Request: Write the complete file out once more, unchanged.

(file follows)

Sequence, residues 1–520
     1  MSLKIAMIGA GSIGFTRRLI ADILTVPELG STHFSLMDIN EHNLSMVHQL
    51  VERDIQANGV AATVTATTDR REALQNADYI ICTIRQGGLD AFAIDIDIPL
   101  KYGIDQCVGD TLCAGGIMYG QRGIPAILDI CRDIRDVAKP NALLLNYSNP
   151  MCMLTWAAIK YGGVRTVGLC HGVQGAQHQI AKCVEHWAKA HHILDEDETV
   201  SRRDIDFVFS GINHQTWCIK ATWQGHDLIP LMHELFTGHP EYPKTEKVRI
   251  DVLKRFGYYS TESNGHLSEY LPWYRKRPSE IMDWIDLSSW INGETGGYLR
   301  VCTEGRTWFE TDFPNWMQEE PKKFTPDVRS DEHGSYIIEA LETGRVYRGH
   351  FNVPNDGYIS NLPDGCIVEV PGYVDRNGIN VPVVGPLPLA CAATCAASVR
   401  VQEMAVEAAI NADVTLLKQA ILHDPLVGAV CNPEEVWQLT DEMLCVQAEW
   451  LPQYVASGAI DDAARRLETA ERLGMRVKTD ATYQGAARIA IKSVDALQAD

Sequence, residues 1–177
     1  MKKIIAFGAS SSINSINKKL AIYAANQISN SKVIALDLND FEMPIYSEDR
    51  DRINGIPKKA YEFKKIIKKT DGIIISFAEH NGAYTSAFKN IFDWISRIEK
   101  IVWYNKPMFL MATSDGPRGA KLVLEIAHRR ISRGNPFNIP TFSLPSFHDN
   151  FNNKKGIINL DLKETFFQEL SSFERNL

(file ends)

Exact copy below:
Sequence, residues 1–520
     1  MSLKIAMIGA GSIGFTRRLI ADILTVPELG STHFSLMDIN EHNLSMVHQL
    51  VERDIQANGV AATVTATTDR REALQNADYI ICTIRQGGLD AFAIDIDIPL
   101  KYGIDQCVGD TLCAGGIMYG QRGIPAILDI CRDIRDVAKP NALLLNYSNP
   151  MCMLTWAAIK YGGVRTVGLC HGVQGAQHQI AKCVEHWAKA HHILDEDETV
   201  SRRDIDFVFS GINHQTWCIK ATWQGHDLIP LMHELFTGHP EYPKTEKVRI
   251  DVLKRFGYYS TESNGHLSEY LPWYRKRPSE IMDWIDLSSW INGETGGYLR
   301  VCTEGRTWFE TDFPNWMQEE PKKFTPDVRS DEHGSYIIEA LETGRVYRGH
   351  FNVPNDGYIS NLPDGCIVEV PGYVDRNGIN VPVVGPLPLA CAATCAASVR
   401  VQEMAVEAAI NADVTLLKQA ILHDPLVGAV CNPEEVWQLT DEMLCVQAEW
   451  LPQYVASGAI DDAARRLETA ERLGMRVKTD ATYQGAARIA IKSVDALQAD

Sequence, residues 1–177
     1  MKKIIAFGAS SSINSINKKL AIYAANQISN SKVIALDLND FEMPIYSEDR
    51  DRINGIPKKA YEFKKIIKKT DGIIISFAEH NGAYTSAFKN IFDWISRIEK
   101  IVWYNKPMFL MATSDGPRGA KLVLEIAHRR ISRGNPFNIP TFSLPSFHDN
   151  FNNKKGIINL DLKETFFQEL SSFERNL